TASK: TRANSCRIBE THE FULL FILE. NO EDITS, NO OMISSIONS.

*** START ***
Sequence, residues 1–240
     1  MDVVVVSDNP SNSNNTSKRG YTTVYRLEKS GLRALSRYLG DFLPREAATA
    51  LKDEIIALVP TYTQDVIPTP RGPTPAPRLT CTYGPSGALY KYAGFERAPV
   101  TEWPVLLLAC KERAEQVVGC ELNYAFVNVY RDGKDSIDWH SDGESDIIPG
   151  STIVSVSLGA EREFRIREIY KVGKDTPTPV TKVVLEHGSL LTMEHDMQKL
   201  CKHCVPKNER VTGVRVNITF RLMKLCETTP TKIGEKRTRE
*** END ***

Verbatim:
Sequence, residues 1–240
     1  MDVVVVSDNP SNSNNTSKRG YTTVYRLEKS GLRALSRYLG DFLPREAATA
    51  LKDEIIALVP TYTQDVIPTP RGPTPAPRLT CTYGPSGALY KYAGFERAPV
   101  TEWPVLLLAC KERAEQVVGC ELNYAFVNVY RDGKDSIDWH SDGESDIIPG
   151  STIVSVSLGA EREFRIREIY KVGKDTPTPV TKVVLEHGSL LTMEHDMQKL
   201  CKHCVPKNER VTGVRVNITF RLMKLCETTP TKIGEKRTRE